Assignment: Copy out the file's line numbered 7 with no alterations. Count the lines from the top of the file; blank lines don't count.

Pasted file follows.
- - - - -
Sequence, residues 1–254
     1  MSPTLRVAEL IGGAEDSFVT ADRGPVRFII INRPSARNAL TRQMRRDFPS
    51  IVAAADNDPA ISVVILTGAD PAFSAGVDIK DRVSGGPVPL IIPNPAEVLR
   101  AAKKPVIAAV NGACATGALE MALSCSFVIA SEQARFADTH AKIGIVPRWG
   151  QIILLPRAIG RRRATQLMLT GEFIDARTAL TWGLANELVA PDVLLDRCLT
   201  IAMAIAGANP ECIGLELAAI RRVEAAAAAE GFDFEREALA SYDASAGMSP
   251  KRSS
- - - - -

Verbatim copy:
   251  KRSS